Apple Charging Dock




Introduction: Apple Charging Dock

About: I'm an inventor / maker / designer based in the Bay Area. My background is in residential architecture, film set design, animatronics, media arts, exhibit design, and electronics. I use digital design and fa...

Need a stylish dock for all your Apple things? This project is for you. It's a 3D printed rapid charging station for your iPhone 7, AirPods, and Apple Watch. The soft inserts for each product are press-fit so they can be changed out to fit a new version of each product if need be.

Step 1: Tools + Materials

3D Printer

  • 3D Printer
    • I use a Creality CR-10. It's the best bang for your buck, in my opinion.
    • Use this coupon code at Gearbest to get it for $339: 1111CR10
    • You'll need to modify the CR-10 to use the polyflex PLA (or any soft material). Here's a youtube video on how to do that:
  • 3D Print Filament
    • I used Matte Fiber HTPLA from Proto-pasta for this project, but pretty much any filament will work. I like this stuff because the finish looks really good.
    • I used Polymaker Polyflex for the rubber feet. This stuff is good for this application because it creates more friction on a desk top to keep the sign from sliding around.


  • M3 Screws: $13 for 260 pc.: You could use any screws and nuts around this size, but I find these work well for small 3D printed mechanical projects.
  • 100 Point Chipboard: $1.50 / sheet: This is used for the three panels and the sign panel. You can cut it with a straight edge and a hobby knife.
  • USB Multi Tap: $45: This is a 4 port, 3 amp rapid charger made by Hardened Power Systems in Tennessee. I've tested it and it's more than 50% faster than the 5 amp Apple charger at charging my phone. At $45, it's hard to beat the price, and I always buy from small local guys whenever I can.
  • Powerpole Cable: $9: This is how you connect the Multi Tap to the DC terminal. If you have a crimper you can just crimp your own wires with powerpole connectors.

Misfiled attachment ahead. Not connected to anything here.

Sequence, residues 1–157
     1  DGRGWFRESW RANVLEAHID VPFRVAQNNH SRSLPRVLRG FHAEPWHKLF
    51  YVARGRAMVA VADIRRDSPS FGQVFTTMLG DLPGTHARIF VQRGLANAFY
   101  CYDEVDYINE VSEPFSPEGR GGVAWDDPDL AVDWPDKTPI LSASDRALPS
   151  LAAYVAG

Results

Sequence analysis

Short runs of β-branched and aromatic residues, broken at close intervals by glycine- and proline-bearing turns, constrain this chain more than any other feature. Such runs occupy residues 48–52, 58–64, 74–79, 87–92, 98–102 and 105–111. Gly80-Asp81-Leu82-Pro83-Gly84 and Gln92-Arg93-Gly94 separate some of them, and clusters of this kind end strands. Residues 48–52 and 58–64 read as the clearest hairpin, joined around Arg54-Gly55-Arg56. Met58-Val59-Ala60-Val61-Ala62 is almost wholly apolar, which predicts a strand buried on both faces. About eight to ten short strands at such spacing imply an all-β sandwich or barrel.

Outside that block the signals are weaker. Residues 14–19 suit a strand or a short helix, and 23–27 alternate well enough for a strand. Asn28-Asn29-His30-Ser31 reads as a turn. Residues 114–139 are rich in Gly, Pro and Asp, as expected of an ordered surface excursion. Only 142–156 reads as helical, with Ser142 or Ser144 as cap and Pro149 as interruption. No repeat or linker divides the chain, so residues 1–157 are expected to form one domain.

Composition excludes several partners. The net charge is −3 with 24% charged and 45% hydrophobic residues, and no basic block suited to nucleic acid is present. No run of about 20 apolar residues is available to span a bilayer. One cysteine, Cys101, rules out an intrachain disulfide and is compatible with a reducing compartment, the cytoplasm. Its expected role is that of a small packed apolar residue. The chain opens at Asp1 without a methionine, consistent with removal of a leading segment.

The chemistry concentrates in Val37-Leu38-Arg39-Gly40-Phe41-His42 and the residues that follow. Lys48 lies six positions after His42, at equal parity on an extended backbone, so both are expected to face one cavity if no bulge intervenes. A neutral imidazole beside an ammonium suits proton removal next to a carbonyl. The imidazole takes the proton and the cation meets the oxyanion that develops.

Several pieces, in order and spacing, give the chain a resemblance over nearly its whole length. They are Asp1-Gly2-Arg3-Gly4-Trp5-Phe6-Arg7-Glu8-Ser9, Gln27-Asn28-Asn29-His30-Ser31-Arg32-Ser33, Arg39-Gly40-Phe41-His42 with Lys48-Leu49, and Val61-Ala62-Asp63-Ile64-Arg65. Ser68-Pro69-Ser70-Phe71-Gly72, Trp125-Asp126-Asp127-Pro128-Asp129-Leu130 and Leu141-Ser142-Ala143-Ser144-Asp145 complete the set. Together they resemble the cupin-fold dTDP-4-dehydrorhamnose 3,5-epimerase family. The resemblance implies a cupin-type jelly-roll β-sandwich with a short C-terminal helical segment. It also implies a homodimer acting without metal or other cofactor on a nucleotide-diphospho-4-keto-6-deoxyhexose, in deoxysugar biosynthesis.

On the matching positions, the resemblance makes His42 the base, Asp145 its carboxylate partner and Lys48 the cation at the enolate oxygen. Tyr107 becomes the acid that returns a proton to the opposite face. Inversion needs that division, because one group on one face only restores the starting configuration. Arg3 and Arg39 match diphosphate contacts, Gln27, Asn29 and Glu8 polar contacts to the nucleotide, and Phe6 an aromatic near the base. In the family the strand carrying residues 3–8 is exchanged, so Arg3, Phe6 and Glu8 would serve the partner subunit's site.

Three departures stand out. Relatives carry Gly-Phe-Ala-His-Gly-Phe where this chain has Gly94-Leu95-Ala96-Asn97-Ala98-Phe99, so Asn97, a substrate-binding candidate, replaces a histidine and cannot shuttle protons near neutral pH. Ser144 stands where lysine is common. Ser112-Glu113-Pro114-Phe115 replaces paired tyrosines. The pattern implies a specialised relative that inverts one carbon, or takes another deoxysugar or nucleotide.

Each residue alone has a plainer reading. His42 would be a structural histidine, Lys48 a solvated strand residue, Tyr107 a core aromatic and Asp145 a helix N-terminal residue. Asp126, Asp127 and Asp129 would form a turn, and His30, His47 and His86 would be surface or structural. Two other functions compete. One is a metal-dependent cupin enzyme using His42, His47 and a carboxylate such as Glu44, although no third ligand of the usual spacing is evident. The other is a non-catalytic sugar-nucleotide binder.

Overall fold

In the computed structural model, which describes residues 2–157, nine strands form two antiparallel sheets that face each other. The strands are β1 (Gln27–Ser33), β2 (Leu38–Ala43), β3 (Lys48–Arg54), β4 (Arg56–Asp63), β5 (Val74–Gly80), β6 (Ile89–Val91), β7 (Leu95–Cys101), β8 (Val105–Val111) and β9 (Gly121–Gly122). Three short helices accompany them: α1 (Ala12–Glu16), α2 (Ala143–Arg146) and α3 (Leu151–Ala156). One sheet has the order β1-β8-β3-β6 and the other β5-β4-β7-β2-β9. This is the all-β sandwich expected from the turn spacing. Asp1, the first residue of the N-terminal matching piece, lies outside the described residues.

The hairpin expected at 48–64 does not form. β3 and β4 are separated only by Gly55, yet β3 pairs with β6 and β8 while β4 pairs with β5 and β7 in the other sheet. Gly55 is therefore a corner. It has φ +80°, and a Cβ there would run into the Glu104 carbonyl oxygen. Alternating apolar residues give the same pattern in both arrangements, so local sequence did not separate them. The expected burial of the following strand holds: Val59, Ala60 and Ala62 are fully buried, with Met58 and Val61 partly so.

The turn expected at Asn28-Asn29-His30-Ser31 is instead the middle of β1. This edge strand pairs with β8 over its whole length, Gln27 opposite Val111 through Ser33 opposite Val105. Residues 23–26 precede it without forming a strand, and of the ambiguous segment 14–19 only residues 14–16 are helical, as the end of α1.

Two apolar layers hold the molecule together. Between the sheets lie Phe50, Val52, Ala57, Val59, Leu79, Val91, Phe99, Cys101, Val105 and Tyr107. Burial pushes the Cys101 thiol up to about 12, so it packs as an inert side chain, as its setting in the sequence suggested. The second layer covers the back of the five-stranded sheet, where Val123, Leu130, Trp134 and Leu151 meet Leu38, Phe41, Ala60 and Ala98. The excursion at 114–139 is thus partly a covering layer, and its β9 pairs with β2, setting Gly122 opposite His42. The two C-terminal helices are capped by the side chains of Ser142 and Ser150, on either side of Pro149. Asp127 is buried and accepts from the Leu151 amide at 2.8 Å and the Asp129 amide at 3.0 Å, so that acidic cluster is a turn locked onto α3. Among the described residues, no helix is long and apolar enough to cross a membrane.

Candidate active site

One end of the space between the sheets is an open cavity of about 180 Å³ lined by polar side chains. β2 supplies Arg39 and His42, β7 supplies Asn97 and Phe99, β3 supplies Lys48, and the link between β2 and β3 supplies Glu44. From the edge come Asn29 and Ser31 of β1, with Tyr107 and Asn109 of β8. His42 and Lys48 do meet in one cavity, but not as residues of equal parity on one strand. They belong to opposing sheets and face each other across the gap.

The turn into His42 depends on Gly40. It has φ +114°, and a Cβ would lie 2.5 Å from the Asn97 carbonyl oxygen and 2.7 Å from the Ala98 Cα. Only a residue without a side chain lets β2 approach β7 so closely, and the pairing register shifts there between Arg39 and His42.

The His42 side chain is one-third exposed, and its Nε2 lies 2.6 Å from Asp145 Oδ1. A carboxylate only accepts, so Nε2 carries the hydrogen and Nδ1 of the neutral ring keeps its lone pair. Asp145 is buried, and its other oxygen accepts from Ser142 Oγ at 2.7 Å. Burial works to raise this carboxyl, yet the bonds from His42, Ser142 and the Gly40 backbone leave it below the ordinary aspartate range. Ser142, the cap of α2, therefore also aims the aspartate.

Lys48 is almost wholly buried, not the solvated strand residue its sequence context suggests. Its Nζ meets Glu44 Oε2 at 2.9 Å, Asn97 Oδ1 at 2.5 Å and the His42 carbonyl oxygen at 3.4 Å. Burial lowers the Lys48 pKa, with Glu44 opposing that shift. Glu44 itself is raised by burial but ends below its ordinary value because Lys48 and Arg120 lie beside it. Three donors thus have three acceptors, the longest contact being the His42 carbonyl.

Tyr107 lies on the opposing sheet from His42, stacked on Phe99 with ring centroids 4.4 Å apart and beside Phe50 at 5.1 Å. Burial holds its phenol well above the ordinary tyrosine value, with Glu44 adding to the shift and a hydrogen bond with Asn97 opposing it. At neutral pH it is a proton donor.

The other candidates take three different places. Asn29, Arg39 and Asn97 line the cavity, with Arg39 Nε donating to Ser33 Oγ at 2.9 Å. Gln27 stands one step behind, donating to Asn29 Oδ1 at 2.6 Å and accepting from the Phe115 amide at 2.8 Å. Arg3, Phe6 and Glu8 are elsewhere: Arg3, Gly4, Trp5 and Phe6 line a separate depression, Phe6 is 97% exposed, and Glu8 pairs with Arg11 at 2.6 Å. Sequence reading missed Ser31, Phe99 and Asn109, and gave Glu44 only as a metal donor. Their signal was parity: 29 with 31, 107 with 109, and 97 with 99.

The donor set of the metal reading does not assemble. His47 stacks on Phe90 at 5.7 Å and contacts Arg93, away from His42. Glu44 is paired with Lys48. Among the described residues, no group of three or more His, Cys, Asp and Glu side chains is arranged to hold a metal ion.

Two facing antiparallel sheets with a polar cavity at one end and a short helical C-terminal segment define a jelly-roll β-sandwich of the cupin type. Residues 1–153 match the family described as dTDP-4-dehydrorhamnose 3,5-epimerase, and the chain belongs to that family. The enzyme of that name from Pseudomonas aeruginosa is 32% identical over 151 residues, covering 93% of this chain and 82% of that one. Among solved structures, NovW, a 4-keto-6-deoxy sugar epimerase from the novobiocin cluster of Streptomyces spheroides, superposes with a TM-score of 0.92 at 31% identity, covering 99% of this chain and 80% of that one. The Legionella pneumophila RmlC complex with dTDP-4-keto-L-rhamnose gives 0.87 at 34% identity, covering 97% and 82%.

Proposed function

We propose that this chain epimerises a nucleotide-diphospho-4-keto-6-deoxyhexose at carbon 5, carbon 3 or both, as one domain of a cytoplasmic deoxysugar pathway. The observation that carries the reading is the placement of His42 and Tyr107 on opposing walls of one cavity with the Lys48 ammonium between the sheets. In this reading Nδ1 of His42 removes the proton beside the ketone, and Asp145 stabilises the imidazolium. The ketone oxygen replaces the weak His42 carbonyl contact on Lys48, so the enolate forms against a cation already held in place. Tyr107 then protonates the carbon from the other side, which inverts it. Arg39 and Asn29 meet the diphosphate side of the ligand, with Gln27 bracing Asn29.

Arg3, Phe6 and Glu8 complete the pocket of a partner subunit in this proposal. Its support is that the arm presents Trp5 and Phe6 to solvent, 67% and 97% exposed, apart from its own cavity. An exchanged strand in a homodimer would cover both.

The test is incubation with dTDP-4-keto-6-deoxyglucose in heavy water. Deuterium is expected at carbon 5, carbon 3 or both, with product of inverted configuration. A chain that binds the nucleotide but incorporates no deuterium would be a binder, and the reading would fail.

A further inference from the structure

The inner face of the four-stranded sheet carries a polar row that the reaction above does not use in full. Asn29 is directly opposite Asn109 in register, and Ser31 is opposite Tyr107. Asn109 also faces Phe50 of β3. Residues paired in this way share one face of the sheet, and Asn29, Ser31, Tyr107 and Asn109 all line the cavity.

• 12V 7A AC /DC Adaptor: $14: Any 12V adaptor will do, but you'll want one that's got a high amperage output to take full advantage of the multi-tap. Technically you'd need 12A to get top performance out of the multi tap (3 amps X 4 ports), but it seems really unlikely to me that the watch and the EarPods would pull 3 amps.
  • Lightening Cables (2): $8 ea.: Any generic cable will probably do, this one works with the files I designed.
  • Apple Watch Cable: $28: It's important that you use this model or one that's the same size, bigger ones won't fit.
  • USB Extension Cable: $5: I added this as an extra USB charging output
  • 5.5mm x 2.1mm DC Jack Connector: $7: This connects the powepole cable to the AC adaptor.


Fusion 360 is free and it's awesome. I use it for everything I design and fabricate.

Student / Educator License (renew free every 3 years)

Hobbyist / Startup (renew free yearly)

Step 2: Design and Files

The STL files are 3d-printable files ready for a slicer. I use Simplify 3D because I like the UI but Cura is free and I see a lot of good results with that program.

The PDF file is an 8.5 X 11 printable layout for the chip board panels. You can print these out and use them as templates to cut out the ship board pieces with an exacto knife.